The pressure of compliance with payroll legislation is increasing rapidly, thanks to updates to the National Minimum Wage (NMW), inconsistent requirements for different Investment Zones, changes to tax reporting laws for 2024, and more. All that comes on top of growing data privacy regulations, which are partly the result of increased digitalisation.

Thankfully, payroll automation should ease the load from becoming any heavier. Tools like Dayforce offer unified payroll and time tracking integrations that reduce manual errors, freeing employees to spot and resolve more complex issues. Smart payroll software can alert employees to errors and even suggest the best way to fix them. In time, AI payroll tech can learn trends to automatically suggest fixes at the point of entry.

3.   Insourcing payroll

With the widespread adoption of digital payroll tools and automation software, organisations are reversing their previous decisions to outsource payroll. Outsourcing seemed like a good idea when payroll was highly manual and time-consuming, but now the drawbacks of high costs, complicated processes, and long turnaround times outweigh the benefits.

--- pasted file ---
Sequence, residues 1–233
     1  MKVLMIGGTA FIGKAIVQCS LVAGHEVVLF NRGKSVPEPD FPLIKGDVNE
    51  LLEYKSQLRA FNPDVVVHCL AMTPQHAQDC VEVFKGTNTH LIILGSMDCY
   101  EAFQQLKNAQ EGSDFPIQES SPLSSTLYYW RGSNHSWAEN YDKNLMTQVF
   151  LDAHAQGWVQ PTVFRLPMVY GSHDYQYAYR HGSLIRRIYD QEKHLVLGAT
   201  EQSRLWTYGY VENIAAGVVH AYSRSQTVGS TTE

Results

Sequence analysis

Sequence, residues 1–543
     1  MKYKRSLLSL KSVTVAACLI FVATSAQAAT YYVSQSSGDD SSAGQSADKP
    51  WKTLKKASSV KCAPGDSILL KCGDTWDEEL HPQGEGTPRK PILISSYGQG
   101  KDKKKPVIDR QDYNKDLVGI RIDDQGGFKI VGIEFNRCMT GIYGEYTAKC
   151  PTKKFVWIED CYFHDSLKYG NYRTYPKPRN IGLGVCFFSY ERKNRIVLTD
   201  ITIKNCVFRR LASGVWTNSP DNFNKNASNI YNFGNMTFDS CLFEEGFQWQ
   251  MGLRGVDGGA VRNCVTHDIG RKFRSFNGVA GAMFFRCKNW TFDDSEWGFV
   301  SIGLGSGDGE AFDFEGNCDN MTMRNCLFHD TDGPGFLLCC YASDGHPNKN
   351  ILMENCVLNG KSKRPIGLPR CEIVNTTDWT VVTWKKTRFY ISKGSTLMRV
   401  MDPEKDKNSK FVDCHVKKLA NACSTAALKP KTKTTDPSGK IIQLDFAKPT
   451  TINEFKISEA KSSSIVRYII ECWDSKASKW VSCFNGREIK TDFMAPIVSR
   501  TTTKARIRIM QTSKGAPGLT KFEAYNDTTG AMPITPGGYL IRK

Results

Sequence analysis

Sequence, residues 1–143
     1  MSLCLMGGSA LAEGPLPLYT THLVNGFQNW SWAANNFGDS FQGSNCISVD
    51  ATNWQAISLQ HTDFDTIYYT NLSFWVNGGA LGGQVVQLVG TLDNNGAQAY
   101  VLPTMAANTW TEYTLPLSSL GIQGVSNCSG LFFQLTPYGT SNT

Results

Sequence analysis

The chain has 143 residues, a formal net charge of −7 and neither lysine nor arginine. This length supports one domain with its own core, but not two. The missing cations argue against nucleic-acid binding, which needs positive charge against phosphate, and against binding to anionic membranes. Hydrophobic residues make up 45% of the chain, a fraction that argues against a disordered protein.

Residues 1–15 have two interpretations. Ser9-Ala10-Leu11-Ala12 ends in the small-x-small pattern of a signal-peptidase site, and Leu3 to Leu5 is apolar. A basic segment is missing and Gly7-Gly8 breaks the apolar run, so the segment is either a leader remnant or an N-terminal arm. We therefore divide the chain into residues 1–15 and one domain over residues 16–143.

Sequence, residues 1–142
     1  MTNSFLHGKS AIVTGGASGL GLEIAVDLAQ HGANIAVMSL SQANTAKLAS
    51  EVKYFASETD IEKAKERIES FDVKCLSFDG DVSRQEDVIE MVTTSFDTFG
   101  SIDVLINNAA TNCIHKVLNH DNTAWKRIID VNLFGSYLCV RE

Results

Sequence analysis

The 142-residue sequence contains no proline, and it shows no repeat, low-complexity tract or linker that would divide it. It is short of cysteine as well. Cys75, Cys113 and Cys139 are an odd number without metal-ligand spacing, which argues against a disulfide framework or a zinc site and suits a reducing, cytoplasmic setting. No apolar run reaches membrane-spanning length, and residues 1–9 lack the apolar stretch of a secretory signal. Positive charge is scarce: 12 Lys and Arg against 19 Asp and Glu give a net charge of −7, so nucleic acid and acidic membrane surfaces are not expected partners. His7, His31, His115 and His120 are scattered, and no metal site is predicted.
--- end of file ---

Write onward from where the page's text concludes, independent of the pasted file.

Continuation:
Next-generation payroll technology from Pento makes it far less stressful to manage payroll in-house. Features like automated data collection, tax calculation, payments, and HMRC reporting attract HR teams to handle payroll in house once more, so as to maintain control over all payroll processes, while spending less time and money on it. The balance of pros and cons for insourcing payroll has shifted heavily towards the positive.